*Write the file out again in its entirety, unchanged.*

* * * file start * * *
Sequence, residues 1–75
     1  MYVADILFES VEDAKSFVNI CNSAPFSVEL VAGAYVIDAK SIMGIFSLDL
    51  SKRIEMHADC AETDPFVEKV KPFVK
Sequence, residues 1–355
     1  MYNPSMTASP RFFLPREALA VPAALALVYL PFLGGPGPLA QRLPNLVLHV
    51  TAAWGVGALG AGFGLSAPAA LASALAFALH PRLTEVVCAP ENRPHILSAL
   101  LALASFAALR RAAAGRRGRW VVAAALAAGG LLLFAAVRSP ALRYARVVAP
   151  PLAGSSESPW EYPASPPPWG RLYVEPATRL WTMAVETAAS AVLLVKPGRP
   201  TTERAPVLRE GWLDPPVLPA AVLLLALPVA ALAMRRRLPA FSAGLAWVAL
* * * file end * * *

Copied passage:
Sequence, residues 1–75
     1  MYVADILFES VEDAKSFVNI CNSAPFSVEL VAGAYVIDAK SIMGIFSLDL
    51  SKRIEMHADC AETDPFVEKV KPFVK
Sequence, residues 1–355
     1  MYNPSMTASP RFFLPREALA VPAALALVYL PFLGGPGPLA QRLPNLVLHV
    51  TAAWGVGALG AGFGLSAPAA LASALAFALH PRLTEVVCAP ENRPHILSAL
   101  LALASFAALR RAAAGRRGRW VVAAALAAGG LLLFAAVRSP ALRYARVVAP
   151  PLAGSSESPW EYPASPPPWG RLYVEPATRL WTMAVETAAS AVLLVKPGRP
   201  TTERAPVLRE GWLDPPVLPA AVLLLALPVA ALAMRRRLPA FSAGLAWVAL